Pomona College’s Bridges Hall of Music was brought alive with the distinct sounds of Ludwig van Beethoven on Saturday, Oct. 25. Faculty cellist Roger Lebow, a member of the Los Angeles Opera Orchestra, was joined by faculty member and concert pianist Phillip Young in the first of two programs featuring the legendary German composer.
program consisted of Sonata No. 1 in F Major, “Op. 5 No. 1”; Sonata No. 4 in C
Major, “Op. 102 No. 1”; and Sonata No. 3 in A Major. The duo will present the
second part of the complete set Nov. 1.
such sublime pieces,” Lebow said. “They’re so complex, rewarding and
spiritual. And, of course, very punishing.”
pieces were composed between 1796 and 1815, the period in which Beethoven began
to lose his hearing. They exemplify the important transition between the classical
and romantic periods of music, embodying a fascinating combination of both classical
structure and nuanced romantic emotion. To play such an impressive selection
requires technical skill and passion, both of which Lebow and Young displayed.
is bigger than a lot of composers, and this kind of task is a lot
bigger than a normal task,” Young said. “That challenge is very nice. It asks you to rise up
to it, and that’s why you stick yourself out there and do it.”
The pieces are
divided into multiple movements, which enabled the composer to convey a variety
in F major contains both an Adagio sostenuto
introduction to the first Allegro movement,
and a Rondo played at a fast speed. The Sonata
in C Major contains an Andante—Allegro
vivace and an Adagio—tempo d’ante—Allegro vivace. The Sonata
in A Major contains three movements: Allegro
ma non tanto, Scherzo—Allegro molto in A minor, and an Adagio cantible—Allegro vivace.
sonatas displayed tremendous variety, from the slower adagios to the rapid-paced allegros.
The tones varied as well, transitioning from mellow to agitated to
melancholic. In all sonatas, the cello had a distinct, rich melody, beautifully
accompanied by the piano. The accompaniment proved to be just as intense as the
solo part. Beethoven was renowned for his keyboard skills and often
demonstrated his prowess in his compositions.
enjoyed the performance,” said Alex Woods PO ’18, a pianist who has studied a variety
of Beethoven’s pieces. “His sonatas are really varied in tone and speed, but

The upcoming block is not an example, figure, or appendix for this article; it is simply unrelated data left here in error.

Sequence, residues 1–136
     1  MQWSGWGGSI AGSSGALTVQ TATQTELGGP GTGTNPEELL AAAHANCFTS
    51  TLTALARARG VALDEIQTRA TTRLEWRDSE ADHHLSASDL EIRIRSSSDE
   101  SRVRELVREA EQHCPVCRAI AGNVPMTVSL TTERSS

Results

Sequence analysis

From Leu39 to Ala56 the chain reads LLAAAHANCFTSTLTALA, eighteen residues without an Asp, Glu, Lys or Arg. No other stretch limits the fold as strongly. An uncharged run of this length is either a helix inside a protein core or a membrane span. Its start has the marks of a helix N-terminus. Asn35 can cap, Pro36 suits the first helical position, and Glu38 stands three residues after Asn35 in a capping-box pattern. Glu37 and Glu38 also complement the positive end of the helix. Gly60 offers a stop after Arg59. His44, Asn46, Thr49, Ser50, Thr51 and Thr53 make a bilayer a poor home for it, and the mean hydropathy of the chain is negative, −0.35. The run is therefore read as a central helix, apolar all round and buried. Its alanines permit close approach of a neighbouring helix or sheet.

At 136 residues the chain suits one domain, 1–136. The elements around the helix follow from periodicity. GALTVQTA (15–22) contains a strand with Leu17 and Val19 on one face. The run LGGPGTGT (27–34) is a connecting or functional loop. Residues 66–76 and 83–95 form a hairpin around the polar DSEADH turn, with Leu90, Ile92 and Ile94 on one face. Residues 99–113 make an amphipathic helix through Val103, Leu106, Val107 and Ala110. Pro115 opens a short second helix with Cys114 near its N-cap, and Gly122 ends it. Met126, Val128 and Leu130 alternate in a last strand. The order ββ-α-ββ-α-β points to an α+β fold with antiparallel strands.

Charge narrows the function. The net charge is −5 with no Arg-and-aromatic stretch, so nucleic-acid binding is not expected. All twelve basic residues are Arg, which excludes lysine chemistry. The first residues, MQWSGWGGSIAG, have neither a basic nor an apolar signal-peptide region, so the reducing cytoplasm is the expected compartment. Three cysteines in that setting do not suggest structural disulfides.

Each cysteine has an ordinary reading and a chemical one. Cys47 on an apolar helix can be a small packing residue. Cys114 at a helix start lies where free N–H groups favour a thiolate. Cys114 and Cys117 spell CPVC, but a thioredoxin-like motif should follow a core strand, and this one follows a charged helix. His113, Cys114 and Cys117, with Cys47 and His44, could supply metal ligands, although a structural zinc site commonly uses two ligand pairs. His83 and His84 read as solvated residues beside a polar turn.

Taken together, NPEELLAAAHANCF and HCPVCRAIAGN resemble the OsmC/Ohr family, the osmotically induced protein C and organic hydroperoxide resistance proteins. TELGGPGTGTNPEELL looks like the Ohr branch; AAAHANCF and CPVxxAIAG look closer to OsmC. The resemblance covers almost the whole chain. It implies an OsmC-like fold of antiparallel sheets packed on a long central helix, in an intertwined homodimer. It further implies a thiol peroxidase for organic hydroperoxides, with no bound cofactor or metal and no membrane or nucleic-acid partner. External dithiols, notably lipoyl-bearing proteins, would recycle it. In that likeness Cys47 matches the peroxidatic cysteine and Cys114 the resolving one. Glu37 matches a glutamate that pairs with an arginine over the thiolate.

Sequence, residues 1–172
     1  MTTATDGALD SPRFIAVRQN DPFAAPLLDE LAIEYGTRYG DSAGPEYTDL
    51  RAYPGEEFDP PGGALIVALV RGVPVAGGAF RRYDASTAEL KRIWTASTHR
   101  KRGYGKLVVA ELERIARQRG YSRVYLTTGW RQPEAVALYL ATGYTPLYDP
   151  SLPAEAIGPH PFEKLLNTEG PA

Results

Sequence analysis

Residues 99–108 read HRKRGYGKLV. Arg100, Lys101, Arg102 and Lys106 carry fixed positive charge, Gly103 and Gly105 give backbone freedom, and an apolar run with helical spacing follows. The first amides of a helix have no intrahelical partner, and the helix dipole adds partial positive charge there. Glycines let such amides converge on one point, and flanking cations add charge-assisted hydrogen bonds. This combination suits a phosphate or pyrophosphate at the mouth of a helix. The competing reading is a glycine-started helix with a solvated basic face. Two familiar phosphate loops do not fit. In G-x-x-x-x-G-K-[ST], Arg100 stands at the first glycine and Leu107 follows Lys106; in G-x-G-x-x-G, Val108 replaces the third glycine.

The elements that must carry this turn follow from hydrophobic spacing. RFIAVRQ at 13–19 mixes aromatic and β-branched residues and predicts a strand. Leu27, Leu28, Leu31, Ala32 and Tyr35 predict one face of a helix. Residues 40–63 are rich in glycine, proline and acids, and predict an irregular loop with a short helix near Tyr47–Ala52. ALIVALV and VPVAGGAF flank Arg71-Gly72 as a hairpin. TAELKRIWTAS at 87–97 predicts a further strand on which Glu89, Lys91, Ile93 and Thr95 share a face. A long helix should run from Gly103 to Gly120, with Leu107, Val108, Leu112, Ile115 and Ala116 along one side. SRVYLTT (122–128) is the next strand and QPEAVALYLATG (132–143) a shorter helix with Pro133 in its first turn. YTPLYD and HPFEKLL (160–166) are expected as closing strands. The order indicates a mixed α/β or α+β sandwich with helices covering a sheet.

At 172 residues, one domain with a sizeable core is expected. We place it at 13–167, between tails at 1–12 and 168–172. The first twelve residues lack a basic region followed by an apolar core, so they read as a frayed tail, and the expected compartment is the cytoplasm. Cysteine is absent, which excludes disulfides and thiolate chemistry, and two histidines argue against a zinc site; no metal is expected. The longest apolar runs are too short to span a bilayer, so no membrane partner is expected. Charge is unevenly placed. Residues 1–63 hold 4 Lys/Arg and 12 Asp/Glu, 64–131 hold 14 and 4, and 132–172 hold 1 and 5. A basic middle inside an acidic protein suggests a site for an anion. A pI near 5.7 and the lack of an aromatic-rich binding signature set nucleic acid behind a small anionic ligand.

they all convey an emotional depth that you’ll have a hard time hearing from
impressive selection requires experienced performers, so it is not surprising
that both performers have extensive musical resumes.
one of Southern California’s most celebrated cellists. He teaches cello at
Pomona and has performed a repertoire spanning five centuries at many
distinguished locations, from the Los Angeles Opera to the Oregon Bach
Festival. He helped form the music collective XTET, the Armadillo String
Quartet and the Clarion Trio. He has also appeared in numerous professional
recordings of various musical works.
Young is a
faculty member at Pasadena City College and has played at world-renowned
venues, including the Seattle Opera House, Tokyo’s Bunka Kaikan Hall and
Carnegie Hall, among others. He has given master classes at many prestigious
institutions and holds degrees from the Peabody Conservatory of Music and the
University of Southern California.
classical music requires much experience and dedication, Lebow encourages people
not to be intimidated. In fact, whether a devoted fan or an inexperienced
listener, he is certain that everyone will enjoy the next performance.
“There’s a universal quality to his works,” he said. “There’s something in his work that touches everybody who is there,
and it’s a lot of fun.”
students—especially those who don’t usually attend concerts of this style—to come next week and hear the true ingenuity of Beethoven’s compositions. Music has the ability to connect what other
A second portion of the sonatas will be performed Nov. 1 at 8 p.m. in the Bridges Hall
of Music. The pieces will consist of Sonata No. 2 in G Minor, Op. 5 No. 2;
Variations of the Theme from Mozart’s The
Magic Flute; and Sonata No. 5 in D Major, Op. 102 No. 2.